He then makes the bliss of this integral consciousness prevail in waking, dream and dreamless sleep also and extends it to the senses, body and finally to the entire cosmos. This is his mutation.

By continuing to remain in this experience of the fourth in all states, the yogin becomes the enjoyer and master of his senses and comes to be known as dhira, fully established in wisdom.

To such a yogi, everything, external or internal, appears as a form of consciousness allowing him, thus, to trace the origin of everything in that consciousness.

By virtue of this realisation, he becomes free of all limitations and can create any sort of body as per his wish.

He, however, becomes shorn of all desires for power, and yet has virtually now become the Lord of all powers.

The dhi or intellect of the common man is either dull or over excited and remains constantly affected by the shifting forms of objects projected on it.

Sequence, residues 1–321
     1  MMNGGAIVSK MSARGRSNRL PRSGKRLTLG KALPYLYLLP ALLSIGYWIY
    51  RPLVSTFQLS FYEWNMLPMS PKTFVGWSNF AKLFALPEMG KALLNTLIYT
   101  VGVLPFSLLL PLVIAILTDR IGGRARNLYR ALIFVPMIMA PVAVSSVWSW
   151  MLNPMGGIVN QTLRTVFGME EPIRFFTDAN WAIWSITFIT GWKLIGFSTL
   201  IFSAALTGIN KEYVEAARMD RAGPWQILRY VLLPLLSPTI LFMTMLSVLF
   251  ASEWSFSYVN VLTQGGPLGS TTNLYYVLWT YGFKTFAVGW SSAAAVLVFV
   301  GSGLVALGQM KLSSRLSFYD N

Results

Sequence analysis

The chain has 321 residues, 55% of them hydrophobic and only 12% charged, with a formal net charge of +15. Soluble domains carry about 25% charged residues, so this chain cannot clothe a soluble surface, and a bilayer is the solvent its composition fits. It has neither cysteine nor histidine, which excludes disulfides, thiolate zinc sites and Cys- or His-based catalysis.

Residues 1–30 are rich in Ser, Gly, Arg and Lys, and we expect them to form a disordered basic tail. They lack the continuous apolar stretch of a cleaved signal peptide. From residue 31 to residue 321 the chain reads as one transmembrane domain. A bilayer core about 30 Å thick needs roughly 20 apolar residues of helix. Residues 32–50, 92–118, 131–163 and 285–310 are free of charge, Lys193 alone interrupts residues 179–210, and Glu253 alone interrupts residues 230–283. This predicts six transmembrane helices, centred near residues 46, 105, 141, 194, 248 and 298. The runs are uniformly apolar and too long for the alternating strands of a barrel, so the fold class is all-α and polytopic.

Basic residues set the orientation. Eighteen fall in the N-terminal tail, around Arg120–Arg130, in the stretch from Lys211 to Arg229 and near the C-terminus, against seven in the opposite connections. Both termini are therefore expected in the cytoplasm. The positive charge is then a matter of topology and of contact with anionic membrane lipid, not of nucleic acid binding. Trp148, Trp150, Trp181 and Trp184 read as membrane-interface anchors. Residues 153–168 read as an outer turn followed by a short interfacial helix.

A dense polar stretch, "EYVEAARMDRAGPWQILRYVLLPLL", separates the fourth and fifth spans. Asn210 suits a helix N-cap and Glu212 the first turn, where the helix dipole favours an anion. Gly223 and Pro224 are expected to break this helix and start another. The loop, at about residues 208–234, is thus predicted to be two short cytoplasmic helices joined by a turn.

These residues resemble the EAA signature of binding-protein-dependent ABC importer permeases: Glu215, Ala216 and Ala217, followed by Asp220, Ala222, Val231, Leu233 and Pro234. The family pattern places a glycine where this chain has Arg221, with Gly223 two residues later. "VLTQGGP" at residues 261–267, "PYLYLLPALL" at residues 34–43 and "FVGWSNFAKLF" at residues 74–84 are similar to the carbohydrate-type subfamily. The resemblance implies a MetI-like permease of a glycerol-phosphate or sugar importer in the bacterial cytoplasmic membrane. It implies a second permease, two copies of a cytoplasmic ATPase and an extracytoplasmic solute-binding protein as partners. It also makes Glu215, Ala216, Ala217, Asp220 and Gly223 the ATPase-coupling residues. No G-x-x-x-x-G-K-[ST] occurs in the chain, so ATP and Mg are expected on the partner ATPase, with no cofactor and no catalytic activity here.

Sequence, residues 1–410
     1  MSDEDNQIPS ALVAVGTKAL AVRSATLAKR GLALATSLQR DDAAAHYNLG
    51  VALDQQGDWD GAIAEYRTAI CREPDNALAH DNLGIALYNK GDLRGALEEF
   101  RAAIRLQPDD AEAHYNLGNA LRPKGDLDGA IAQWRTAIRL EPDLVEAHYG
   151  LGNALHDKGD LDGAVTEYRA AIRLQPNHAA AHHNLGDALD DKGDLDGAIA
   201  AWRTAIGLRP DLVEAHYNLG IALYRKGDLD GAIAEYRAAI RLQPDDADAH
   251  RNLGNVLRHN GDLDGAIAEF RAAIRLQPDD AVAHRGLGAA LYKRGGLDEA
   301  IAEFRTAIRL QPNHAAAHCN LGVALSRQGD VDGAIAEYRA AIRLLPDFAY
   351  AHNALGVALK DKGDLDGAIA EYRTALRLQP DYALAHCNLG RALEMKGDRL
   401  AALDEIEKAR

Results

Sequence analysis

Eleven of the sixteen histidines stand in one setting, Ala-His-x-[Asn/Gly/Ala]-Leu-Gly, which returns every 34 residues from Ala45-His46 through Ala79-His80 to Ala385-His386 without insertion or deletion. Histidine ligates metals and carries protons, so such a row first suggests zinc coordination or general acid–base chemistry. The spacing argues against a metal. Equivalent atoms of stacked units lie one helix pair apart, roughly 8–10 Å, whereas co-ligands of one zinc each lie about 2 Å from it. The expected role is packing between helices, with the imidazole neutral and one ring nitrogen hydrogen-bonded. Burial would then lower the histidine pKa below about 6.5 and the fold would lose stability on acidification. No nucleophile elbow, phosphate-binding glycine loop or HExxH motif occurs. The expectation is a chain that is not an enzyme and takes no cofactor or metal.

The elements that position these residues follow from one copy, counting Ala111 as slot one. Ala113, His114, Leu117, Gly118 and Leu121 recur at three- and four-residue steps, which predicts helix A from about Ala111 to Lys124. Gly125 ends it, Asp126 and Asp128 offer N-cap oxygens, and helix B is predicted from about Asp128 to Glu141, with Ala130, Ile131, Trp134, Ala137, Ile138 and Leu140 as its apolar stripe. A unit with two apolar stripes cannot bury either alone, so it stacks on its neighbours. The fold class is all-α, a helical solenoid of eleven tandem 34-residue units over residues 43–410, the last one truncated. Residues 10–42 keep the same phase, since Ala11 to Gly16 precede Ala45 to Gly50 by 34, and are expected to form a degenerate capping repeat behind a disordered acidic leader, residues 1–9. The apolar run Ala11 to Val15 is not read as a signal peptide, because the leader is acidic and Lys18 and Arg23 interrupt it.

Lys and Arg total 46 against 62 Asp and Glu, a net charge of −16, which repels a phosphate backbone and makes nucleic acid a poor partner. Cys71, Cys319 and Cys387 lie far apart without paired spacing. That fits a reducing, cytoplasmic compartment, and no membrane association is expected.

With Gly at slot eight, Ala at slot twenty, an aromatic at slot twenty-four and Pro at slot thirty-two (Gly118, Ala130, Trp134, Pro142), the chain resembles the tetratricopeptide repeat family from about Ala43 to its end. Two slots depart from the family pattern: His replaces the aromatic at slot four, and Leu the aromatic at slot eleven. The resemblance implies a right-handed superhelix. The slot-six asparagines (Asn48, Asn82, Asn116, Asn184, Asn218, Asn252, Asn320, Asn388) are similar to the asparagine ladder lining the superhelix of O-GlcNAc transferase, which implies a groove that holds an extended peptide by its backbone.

The yogi’s attention, however, remains fixed constantly on the meeting point between moments.

It is from here that the brilliant and unsullied consciousness illumines each scene. It is also from here that he draws the power of his illumined understanding, dhi-sakti.

Finally, yogi requires no practice at all since he always abides in his essential nature, which becomes his real asana.

This adventure of consciousness for the yogin is full of the sense of wonder, illumination, and harmony culminating in wisdom.


Anupaya is another way to realisation of one’s real nature. This, however, is not recognised by the system of yoga because no methods are employed in it on the part of the aspirant.

It lies in the instance of sakti-pata in which a self-realised teacher awakens the consciousness of the disciple by merely a touch, look or word of insight.

Swami Vivekananda’s elevation to the fourth state of consciousness by Paramahamsa Ramakrishna’s sakti-pata is a recent example of it.

The consciousness, thus awakened, is not anything new as it was already embedded in the disciple and needed only a push from below or pull from above.

It is only due to negative influence of his own thought constructs generated by conditioning that he was unable earlier to reflect on it even though it had obviously been there all the time.

No comments: